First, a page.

Of the three local movies vying (or soon to be vying) for Houstonians' attention and money, Gardiner's 4 Deep has the potential to be the most substantial piece of cinema, though the soundtrack, which is "inspired" by the movie and features tunes from Lil' Keke, Yungstar, South Park Mexican and Lil' Flip, among others, isn't bad either. It, too, was released in October.
The fact that three independent, inner-city, street-life films are cropping up in Houston today is novel. That Gardiner's film may even have some substance is weirder still, considering his lack of time, money and filmmaking experience. But if Gardiner's movie has any cinematic heft, as opposed to just musical and/or symbolic, it is because Gardiner and his production company, Irie Productions, are behind it.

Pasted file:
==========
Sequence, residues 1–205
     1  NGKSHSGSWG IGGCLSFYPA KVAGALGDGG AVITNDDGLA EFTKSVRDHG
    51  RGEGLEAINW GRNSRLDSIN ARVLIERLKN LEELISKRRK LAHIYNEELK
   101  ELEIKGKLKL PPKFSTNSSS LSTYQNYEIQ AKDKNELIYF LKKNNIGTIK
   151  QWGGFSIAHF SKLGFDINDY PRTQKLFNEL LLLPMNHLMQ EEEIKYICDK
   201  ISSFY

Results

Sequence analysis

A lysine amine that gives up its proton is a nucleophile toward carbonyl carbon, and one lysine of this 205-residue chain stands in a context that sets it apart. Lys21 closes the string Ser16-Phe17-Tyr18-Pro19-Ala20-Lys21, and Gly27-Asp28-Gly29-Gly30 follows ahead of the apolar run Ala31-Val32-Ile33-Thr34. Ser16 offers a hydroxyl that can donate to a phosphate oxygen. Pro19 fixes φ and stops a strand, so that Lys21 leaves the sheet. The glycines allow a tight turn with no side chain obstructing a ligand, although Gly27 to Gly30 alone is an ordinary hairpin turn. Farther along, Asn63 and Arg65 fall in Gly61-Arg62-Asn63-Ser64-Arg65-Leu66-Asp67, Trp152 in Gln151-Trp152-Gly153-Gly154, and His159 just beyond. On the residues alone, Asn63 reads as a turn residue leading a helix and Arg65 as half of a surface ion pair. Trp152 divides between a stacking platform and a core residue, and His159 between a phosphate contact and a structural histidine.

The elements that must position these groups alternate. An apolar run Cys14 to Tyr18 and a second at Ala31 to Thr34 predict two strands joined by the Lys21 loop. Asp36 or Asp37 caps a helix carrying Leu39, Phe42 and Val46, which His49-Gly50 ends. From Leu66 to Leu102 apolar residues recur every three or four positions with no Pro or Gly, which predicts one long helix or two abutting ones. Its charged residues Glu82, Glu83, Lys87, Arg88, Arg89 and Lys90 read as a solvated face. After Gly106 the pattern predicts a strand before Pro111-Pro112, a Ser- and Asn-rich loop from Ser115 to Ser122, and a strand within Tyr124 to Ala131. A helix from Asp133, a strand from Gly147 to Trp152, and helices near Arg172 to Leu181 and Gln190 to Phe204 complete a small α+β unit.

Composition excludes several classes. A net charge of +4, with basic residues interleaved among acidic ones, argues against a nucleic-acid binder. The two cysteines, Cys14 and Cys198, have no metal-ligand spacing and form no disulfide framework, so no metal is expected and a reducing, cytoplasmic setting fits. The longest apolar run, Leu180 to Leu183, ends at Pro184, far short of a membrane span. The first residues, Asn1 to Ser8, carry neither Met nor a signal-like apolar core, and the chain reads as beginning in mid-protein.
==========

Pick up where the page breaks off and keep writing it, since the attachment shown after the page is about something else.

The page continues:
Gardiner came to America from England by way of Jamaica in 1979. Even though his educational background is in computer programming and architectural drafting, his work experience is in video.
After relocating to Houston from Florida in 1986 and gaining technical video experience as a volunteer at Channel 39, previously Houston's all-access station, Gardiner began churning out corporate videos. His first client was Technica, a geophysics company. "It cost me $500 to make their video, and I charged them $2,500," says Gardiner. "That was the bug."
Gardiner was still working in computer programming when he opened his own video production company in the Clear Lake area. In October 1989 USM Productions, with Gardiner as its only employee, was taking orders from large corporations such as Carrier.